The effects appear larger for milder than for more severe forms of aggression, but the effects on severe forms of violence are also substantial when compared with the effects of other violence risk factors.
Short-term exposure increases the likelihood of physically and verbally aggressive behaviour, aggressive thoughts, and aggressive emotions.
Because extremelyviolent criminal behaviours (forcible rape, aggravated assault, homicide) are rare, new longitudinal studies with larger samples are needed to estimate accurately how much habitual childhood exposure to media violence increases the risk for extreme violence.
Well-supported theory delineates why and when exposure to media violence increases aggression and violence. All this explains the reason behind investigating the effects of television violent content on youth in Buea.
1.3 Research question
- To what extent does violent television content affect youths?
- Is there any relationship between watching violent TV programs and the tendency to apply violence to youths?
- To what extent do the TV program’s perceptions affect the way youths watch them?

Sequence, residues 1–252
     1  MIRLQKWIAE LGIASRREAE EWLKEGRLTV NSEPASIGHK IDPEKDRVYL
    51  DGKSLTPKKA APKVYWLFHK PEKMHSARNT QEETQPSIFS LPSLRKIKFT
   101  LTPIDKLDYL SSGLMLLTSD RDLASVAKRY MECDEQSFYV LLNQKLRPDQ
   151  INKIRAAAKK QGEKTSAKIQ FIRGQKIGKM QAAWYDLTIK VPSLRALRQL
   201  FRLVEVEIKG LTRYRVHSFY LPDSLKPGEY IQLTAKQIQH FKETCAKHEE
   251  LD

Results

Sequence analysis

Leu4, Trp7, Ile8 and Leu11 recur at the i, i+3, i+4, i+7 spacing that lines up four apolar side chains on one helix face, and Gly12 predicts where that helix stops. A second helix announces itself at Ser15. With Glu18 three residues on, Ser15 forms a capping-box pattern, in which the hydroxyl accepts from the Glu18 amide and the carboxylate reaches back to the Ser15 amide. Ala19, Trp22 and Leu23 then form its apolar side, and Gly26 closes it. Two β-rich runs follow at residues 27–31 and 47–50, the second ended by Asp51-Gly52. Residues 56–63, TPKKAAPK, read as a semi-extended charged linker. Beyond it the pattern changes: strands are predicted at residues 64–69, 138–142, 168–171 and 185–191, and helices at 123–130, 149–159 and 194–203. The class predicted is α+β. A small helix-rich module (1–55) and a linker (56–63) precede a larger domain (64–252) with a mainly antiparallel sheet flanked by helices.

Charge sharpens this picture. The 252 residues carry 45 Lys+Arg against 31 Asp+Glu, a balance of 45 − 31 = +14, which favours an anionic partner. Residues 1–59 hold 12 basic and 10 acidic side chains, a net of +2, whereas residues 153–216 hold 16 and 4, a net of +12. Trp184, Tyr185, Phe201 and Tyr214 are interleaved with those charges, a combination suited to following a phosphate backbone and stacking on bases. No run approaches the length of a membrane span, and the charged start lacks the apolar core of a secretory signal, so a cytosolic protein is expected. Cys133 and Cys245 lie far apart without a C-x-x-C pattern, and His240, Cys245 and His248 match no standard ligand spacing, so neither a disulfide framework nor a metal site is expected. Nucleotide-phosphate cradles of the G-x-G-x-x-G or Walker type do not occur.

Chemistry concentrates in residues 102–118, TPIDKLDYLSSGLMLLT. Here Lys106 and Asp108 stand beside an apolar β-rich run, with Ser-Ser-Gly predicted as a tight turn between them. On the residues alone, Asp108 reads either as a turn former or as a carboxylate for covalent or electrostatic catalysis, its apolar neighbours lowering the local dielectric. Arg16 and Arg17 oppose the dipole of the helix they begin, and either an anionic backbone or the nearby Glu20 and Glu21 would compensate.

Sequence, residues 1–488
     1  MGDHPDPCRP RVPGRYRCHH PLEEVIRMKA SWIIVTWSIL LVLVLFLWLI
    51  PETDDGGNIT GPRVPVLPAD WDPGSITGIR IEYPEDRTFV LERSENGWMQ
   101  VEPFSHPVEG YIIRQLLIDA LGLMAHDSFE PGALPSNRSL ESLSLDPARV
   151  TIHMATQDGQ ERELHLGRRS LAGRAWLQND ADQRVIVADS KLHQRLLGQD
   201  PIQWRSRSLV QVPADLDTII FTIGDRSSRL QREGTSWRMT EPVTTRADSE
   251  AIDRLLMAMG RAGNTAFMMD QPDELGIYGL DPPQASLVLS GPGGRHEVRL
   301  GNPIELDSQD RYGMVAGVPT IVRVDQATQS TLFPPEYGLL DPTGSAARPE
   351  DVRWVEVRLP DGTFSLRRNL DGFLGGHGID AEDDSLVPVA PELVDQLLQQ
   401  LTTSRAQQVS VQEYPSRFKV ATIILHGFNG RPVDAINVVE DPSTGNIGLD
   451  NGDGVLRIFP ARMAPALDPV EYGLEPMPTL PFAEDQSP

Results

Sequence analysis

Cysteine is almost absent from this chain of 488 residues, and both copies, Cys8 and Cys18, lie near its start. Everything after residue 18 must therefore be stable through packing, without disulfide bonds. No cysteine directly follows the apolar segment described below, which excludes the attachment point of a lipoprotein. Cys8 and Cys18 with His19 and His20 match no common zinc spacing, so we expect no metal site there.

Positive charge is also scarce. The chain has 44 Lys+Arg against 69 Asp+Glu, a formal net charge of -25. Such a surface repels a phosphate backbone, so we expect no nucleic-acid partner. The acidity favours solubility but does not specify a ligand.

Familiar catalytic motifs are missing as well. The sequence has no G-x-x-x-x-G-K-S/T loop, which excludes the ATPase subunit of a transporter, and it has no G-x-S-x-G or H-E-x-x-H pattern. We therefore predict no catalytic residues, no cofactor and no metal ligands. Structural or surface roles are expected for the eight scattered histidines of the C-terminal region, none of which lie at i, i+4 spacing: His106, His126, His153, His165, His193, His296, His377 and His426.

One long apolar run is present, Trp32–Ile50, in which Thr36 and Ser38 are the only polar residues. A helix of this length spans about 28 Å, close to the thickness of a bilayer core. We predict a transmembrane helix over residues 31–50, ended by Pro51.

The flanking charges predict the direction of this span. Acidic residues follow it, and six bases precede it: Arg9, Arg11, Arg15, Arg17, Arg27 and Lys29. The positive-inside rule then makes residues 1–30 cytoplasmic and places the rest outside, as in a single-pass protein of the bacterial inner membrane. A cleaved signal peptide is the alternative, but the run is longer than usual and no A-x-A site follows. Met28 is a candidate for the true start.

1.4 Research Hypotheses
H01: There is no relationship between television program preference and perception of crime among youths
H2: Watching violent TV programs does not tend to apply violence to youths?
H3: Violent TV programs perception affect the way youths watch them
1.5 Research objectives
The purpose of the study is to determine the relationship between watching violent content of television programs and the tendency toward violence among youths.
- Specifically, the study sought to determine the relationship between watching violent TV programs and the tendency to apply violence among youths.
- And to ascertain the extent to which TV programs influence the way youths who watch them view violence.
- It also aims at determining the relationship between TV program preference and perception of violence among youths.